New Science Adviser Sees Strong Ties To Bush, Public Support As Keys To Job

WASHINGTON—The president’s new science adviser believes that the federal government doesn’t do an adequate job of dealing with the scientific and technical issues facing the country. The science adviser can play an important role in improving that situation, says Yale nuclear physicist Allan Bromley, if he is able to develop a close relationship with key figures in the Bush administration, oyersee a staff large enough to tackle those issues, and build public support for scie

Jeffrey Mervis
May 28, 1989

WASHINGTON—The president’s new science adviser believes that the federal government doesn’t do an adequate job of dealing with the scientific and technical issues facing the country. The science adviser can play an important role in improving that situation, says Yale nuclear physicist Allan Bromley, if he is able to develop a close relationship with key figures in the Bush administration, oyersee a staff large enough to tackle those issues, and build public support for science.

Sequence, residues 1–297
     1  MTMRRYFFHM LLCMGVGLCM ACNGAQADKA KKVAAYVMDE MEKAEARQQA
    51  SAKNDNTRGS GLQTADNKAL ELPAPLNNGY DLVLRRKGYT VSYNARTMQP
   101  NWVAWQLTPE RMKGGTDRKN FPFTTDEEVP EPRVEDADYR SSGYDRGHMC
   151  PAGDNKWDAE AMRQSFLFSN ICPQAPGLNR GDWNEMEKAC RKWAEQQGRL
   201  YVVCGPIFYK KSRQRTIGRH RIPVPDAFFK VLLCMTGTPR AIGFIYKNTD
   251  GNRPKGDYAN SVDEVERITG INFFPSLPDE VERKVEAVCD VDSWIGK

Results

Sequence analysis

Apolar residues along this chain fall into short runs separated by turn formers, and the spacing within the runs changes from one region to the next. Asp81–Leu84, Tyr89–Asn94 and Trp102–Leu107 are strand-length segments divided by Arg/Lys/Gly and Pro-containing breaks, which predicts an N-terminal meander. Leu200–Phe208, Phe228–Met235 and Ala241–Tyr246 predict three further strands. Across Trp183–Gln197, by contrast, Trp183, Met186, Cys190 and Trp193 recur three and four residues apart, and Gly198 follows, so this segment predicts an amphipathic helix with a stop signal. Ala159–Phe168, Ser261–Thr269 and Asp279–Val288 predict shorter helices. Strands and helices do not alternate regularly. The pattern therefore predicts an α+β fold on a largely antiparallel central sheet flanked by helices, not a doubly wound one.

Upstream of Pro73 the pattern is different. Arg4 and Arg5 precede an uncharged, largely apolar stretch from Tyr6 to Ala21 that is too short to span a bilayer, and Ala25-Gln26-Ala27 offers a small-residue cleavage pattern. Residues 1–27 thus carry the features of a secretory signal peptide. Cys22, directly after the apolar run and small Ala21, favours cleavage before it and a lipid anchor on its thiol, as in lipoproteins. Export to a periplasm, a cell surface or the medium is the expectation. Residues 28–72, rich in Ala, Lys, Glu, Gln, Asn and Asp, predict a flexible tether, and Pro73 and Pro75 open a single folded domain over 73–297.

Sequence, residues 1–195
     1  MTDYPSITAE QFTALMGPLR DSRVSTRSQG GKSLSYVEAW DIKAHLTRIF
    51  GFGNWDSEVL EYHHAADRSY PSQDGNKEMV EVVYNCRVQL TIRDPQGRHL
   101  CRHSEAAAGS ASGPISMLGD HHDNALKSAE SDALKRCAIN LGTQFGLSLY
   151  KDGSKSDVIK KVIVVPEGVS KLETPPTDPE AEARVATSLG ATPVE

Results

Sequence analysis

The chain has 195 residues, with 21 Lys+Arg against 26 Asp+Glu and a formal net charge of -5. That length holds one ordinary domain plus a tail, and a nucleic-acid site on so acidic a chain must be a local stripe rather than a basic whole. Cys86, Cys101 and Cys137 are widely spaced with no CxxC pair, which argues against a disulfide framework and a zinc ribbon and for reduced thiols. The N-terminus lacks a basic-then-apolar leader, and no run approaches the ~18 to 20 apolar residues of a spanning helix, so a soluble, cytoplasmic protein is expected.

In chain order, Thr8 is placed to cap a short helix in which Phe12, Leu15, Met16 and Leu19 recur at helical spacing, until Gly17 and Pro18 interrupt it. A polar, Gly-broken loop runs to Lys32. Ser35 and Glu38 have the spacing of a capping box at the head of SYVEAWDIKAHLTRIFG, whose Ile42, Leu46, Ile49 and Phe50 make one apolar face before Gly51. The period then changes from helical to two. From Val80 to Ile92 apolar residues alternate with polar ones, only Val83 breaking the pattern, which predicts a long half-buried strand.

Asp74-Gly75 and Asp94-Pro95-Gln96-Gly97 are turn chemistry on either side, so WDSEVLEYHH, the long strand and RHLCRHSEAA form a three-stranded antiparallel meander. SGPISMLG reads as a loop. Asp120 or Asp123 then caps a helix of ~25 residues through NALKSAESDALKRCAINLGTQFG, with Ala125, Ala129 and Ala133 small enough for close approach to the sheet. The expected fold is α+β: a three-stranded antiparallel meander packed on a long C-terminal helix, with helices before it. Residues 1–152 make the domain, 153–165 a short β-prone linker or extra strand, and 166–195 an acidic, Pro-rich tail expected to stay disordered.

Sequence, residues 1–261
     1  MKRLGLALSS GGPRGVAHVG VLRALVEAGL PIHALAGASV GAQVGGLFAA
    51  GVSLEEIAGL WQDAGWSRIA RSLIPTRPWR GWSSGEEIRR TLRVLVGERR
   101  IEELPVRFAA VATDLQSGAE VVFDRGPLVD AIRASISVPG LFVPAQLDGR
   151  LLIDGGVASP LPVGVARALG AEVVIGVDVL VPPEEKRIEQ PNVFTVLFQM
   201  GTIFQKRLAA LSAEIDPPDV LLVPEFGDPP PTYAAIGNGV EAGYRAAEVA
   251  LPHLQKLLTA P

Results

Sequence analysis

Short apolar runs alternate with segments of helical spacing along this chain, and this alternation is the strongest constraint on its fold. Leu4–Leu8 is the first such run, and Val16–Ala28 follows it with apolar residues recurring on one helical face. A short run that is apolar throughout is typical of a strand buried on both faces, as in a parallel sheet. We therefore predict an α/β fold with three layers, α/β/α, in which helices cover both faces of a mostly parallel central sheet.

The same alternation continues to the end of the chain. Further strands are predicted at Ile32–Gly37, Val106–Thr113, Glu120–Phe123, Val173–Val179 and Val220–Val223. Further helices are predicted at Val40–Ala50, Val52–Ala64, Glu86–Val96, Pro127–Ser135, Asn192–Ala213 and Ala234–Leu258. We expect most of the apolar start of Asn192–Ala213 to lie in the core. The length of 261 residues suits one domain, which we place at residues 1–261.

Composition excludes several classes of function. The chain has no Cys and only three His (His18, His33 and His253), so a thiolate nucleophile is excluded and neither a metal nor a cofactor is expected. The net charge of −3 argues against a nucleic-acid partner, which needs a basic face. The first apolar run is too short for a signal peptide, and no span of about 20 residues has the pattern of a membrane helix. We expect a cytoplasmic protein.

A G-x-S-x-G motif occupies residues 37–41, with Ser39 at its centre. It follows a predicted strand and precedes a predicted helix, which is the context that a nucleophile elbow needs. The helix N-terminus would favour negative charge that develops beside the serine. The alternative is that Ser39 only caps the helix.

Bromley has maintained a low profile since April 20, when President Bush announced his intention (see The Scientist, May 15, 1989, page 3) to nominate Bromley as director of the Office of Science and Technology Policy, succeeding William Graham. Bromley’s first public appearance is expected to be before the Senate Commerce, Science, and Transportation Committee, as part of the confirmation process for that position. Bush has said that the job will carry with it...

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